“There, see how his face is in focus and illuminated even more than Kim Jong-il himself?” said Cheong Seong-chang, a specialist on North Korean politics at the Sejong Institute. “There is a high possibility that this is Kim Jong-un.”
Little is known about the inner workings of the secretive North Korean government, not even the identity of the heir apparent. The only known photograph of him was taken when he was 11 years old.
Analysts say that if Mr. Kim dies too soon, his son could be pushed aside in a scramble for power among political and military elites that would end the family’s dynastic rule and might even bring about the collapse of the impoverished totalitarian state.
Not much is known about the man who could become the next leader of the unpredictable, nuclear-armed country. On Monday, the Daily NK, a Web site that specializes in information on North Korea, said it had obtained an internal propaganda document that called Kim Jong-un the Youth Captain and quoted his father (who has his own title, Dear Leader) praising his loyalty and good works. “He is a genius of geniuses,” the document says. “He has been endowed by nature with special abilities. There is nobody on the planet who can defeat him in terms of faith, will and courage.”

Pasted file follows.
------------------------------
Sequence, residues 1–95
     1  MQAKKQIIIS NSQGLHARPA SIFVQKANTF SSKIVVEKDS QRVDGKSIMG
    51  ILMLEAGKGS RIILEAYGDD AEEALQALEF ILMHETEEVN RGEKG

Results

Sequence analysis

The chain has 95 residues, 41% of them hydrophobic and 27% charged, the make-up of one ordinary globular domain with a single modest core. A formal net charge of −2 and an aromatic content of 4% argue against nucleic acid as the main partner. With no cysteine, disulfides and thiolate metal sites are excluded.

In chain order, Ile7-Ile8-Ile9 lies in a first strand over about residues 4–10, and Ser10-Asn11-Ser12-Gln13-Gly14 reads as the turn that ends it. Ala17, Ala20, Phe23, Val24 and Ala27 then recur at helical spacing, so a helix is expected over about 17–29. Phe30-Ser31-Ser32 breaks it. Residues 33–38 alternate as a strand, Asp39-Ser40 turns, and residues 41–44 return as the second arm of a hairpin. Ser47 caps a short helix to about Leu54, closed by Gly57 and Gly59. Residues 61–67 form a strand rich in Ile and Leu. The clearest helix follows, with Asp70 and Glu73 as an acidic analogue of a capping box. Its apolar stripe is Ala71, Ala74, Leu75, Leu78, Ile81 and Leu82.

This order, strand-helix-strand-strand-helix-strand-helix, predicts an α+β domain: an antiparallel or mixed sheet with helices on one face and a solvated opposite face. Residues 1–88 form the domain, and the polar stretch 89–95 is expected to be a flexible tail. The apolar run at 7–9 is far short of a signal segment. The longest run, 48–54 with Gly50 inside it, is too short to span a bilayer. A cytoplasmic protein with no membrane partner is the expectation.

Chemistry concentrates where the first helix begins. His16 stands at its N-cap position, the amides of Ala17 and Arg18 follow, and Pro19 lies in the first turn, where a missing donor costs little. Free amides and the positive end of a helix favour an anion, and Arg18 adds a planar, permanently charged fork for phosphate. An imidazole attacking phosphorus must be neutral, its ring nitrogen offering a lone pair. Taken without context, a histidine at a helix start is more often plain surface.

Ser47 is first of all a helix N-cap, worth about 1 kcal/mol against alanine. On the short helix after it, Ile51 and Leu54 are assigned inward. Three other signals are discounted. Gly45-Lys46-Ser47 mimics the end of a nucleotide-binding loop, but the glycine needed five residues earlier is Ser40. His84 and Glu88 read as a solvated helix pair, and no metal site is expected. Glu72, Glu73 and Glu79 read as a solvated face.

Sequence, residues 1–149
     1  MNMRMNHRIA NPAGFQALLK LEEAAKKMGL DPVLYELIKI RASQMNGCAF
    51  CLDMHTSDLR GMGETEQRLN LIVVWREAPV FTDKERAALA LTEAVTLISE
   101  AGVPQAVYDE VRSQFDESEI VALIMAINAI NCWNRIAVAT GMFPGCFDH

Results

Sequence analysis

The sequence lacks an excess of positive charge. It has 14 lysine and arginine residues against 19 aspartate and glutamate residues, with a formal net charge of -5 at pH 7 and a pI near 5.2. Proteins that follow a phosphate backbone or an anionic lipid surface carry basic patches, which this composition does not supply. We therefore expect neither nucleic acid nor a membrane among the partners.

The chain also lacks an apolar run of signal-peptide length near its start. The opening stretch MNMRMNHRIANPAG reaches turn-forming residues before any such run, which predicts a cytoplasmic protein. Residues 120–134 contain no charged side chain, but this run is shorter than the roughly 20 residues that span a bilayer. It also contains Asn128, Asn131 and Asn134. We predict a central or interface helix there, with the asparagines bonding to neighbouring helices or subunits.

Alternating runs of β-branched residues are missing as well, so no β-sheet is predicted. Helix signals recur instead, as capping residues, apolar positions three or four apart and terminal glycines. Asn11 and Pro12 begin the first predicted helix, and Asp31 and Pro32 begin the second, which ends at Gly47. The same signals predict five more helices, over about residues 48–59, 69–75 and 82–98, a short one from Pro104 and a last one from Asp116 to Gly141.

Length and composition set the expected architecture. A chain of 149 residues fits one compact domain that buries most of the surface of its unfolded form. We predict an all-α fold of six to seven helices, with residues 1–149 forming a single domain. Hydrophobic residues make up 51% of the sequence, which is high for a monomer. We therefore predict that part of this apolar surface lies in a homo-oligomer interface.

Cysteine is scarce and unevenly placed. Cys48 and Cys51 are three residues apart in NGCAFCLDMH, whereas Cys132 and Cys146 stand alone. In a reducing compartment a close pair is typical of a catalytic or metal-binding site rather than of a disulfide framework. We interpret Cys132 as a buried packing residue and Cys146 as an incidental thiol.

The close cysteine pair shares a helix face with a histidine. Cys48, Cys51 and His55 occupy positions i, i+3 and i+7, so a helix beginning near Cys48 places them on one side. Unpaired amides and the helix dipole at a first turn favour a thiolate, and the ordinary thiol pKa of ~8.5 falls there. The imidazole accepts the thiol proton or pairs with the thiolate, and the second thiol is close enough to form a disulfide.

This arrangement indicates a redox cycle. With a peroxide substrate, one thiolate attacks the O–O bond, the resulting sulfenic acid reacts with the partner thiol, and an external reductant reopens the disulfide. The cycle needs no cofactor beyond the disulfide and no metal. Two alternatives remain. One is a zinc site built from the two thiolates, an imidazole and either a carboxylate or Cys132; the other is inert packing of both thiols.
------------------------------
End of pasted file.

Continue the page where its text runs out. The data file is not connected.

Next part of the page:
Mr. Cheong, the analyst, said that members of local North Korean work units and government employees had been taught a new song titled “Footsteps,” which lauds Kim Jong-un’s fitness to follow his father as leader.
Kim Jong-il has been rushing to prepare the ground for his son in other ways, analysts say. They said that wiretaps of North Korean phones by the South’s intelligence agency revealed that the younger Mr. Kim was appointed to a top post in the ruling party’s internal security apparatus last year and that he now worked in the same building as his father.
The analysts have offered many predictions about what may happen when the current leader does die. One is that his brother-in-law, Jang Song-taek, 64, widely seen as the second most powerful member of the inner circle, could serve as a regent until the younger Mr. Kim is ready to rule — or simply hold onto power for himself.
“The signs are that the elite do not take Kim Jong-un seriously,” said Kim Yeon-su, a professor of North Korean studies at the National Defense University in Seoul. “This is the final stage of the Kim family dictatorship.”
New York Times